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the country from north to south, there will remain, for each tribe, a portion of less then twenty miles in width, and 150 miles in length. This division of the land entirely differs from that which was made in the days of Joshua, in which the tribes were not only differently placed, but confused and intermixed ; while here distinct lots are assigned to each of the twelve tribes in a regular mathematical form. It seems to denote the equality of privileges which subsists among all the tribes of believers, of whatever nation, and whatever their previous character may have been."

Ver. 15. “The whole plan of the division of the country, lying out of the city, temple, and all its appendages, is perfectly regular and uniform ; and would, therefore, convey to the minds of the Jews the most complete idea they were capable of conceiving of the most perfect church, commonwealth, city, temple, and conveniences, on the largest and grandest scale for the Divine worship; and it, doubtless, ultimately points out the land of Immanuel, the” Millennial “ church, the house of the living God. 1 Tim. 111. 15.

Mr. Bickersteth observes, “ God has wonderfully provided for a deep and continued interest being preserved in every part of prophecy, by giving to it that largeness of aspect which comprehends the whole of his dispensations, and will not be fully developed till they be ended. This, which occasions one part of its obscurity, and the discussions upon it, does also serve to keep alive men's attention to it, to the very end, and manifests therein the wisdom of the Father of lights."

No. XIX.- Page 330.

:: OP A TEMPLE BY THE JEWS, AT THEIR RESTORATION. si “ Respecting the building of a temple” by the Jews on the restoration,

" and having an altar and sacrifice, &c., my answer to the whole is in the affirmative. For how could I doubt it for a moment, even if the word of God were perfectly silent on the subject ? Suppose a company of five thousand pious conscientious Christians had gone to Africa to colonize, and had drawn

up various articles how to proceed when arrived there ; viz., to build a city of 2. such and such dimensions, to erect so many houses, to plant vineyards, to esta

blish certain factories, &c. ; but not a word is said in this compact about keep

ing the Sabbath, and building a place of worship, forming a church and admi1. nistering the ordinances; and suppose also, that intelligence has been received,

giving an account of their safe arrival and establishment according to the

original agreement, but again not a word is mentioned about their religious dey portment; would any one who had known these five thousand pious Christians

suppose for a moment that they kept no Sabbath, that they had no place of d worship, that they had constituted no church, and consequently administered zu no ordinances, merely because they had not expressly covenanted to do so, and

because the intelligence that has reached us of their perfect establishment made In no mention of these things ? Would such a supposition not be a stigma on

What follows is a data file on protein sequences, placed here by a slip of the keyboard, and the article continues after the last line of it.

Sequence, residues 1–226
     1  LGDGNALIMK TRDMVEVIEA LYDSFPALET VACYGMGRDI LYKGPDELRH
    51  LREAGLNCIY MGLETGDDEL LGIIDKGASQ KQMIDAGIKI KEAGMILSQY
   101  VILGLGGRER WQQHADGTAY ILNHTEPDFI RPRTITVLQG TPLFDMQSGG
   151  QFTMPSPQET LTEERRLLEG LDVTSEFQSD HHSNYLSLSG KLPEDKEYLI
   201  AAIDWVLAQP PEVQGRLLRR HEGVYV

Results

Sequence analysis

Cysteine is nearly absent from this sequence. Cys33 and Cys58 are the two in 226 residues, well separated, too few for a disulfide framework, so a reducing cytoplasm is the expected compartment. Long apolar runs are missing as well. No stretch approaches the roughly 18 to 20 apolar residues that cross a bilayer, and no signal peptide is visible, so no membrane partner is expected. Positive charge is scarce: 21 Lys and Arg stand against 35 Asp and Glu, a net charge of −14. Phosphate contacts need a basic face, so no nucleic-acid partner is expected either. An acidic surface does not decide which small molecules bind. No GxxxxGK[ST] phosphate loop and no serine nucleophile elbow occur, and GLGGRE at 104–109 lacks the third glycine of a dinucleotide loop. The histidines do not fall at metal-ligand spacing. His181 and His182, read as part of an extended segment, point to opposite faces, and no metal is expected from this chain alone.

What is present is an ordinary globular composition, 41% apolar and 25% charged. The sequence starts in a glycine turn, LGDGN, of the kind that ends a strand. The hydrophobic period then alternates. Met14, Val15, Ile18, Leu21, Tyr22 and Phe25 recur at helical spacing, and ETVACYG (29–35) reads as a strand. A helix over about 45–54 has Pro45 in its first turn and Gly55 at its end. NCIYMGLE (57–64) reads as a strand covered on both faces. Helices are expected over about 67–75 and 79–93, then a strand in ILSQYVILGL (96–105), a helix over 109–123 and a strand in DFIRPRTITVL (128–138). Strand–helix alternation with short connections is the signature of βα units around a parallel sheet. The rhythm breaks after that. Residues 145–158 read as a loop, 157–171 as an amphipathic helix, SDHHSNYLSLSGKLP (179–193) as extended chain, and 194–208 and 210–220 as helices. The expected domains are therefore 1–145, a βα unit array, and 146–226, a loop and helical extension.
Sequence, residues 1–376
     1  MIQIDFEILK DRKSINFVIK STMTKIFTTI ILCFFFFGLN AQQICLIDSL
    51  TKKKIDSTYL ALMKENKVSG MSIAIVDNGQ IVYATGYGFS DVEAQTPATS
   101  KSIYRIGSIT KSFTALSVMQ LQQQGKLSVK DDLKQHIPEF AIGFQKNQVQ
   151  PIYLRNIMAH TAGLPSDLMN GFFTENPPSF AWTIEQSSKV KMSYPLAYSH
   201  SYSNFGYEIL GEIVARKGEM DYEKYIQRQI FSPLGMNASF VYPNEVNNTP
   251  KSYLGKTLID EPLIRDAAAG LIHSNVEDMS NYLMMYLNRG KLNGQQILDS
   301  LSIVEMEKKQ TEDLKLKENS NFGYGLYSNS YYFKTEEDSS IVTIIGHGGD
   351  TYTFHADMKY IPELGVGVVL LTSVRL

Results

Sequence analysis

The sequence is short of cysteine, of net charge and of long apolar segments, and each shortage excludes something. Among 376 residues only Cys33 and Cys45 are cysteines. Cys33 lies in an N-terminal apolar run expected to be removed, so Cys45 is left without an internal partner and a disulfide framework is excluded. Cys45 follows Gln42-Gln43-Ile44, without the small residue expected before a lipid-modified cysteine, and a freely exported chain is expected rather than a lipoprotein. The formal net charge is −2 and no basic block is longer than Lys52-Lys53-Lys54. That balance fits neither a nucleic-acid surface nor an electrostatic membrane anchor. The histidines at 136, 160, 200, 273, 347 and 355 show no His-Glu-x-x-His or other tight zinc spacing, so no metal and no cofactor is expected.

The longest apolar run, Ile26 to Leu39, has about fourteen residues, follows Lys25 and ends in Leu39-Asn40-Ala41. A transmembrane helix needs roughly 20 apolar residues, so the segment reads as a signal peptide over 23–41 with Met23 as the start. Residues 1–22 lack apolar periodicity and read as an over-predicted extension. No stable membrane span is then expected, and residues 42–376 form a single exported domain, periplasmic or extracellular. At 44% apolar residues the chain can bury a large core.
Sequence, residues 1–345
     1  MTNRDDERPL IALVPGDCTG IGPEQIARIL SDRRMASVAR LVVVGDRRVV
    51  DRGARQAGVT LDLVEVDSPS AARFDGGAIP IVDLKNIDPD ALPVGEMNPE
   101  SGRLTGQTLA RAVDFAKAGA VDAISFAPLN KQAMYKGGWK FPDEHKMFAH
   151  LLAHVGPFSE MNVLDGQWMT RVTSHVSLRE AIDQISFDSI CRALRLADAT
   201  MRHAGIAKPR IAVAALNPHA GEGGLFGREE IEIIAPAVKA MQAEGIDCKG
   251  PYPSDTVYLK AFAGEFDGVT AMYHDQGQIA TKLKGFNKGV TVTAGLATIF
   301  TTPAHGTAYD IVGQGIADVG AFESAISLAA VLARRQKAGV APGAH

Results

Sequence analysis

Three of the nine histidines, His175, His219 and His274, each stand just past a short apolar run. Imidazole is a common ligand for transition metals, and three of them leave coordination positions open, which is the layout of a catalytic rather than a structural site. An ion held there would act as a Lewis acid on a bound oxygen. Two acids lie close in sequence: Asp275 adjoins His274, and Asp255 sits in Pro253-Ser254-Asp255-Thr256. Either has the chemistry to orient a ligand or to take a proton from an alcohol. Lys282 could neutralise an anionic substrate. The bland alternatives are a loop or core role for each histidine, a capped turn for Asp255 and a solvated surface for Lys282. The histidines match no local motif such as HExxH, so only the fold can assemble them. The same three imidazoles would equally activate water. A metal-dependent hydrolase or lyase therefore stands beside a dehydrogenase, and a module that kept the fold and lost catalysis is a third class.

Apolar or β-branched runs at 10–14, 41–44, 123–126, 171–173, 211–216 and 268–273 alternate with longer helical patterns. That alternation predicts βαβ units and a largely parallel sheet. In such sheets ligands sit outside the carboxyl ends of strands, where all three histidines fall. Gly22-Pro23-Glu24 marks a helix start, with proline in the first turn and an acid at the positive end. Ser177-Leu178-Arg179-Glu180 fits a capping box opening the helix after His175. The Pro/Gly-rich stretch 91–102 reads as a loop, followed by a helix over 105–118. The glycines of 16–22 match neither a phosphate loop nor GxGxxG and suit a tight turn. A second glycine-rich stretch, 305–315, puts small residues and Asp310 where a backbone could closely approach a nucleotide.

their character? Would it not loudly proclaim their former religious profes

sions to have been a hypocrisy of the most heinous kind? Or, must it not rather be taken for granted, by all who believe them to be sincere Christians, that after their arrival, in imitation of the pious patriarchs, who, whenever they pitched their tents, erected immediately an altar unto the Lord; the very first thing they attended to after their safe arrival, was to build a house of worship, and to walk in all God's appointed ways. And now, why should it be thought strange to believe that our dear people, who have, for nearly eighteen hundred years, most conscientiously observed all the religious rites which God gave to our fathers, in all countries, amongst all people, and under all cir. cumstances, as far as the law of God allows them to observe them in a strange land, although these observances exposed them to reproach, hatred, persecution, and death itself, would, when they are brought back by the wonderful goodness of God, to the land which God gave to our fathers, build again a temple for the worship of God, erect an altar unto the Lord, and offer up their sacrifices, and observe all other ceremonies which they observed before their dispersion by the Romans ? Did they not do so after their return from the Babylonish captivity? How strange and unaccountable would it appear if our people, who, whilst the chastening hand of God was upon them for ages, were, notwithstanding, steadfast and immoveable in worshipping that God, should cast off all their religious profession, love and attachment to him, when he has performed his promises in delivering them out of their captivity, and brought them back to the goodly land ? Would not such a supposition charge them with having denied the faith, and become worse than infidels ? God forbid that they should act so basely.'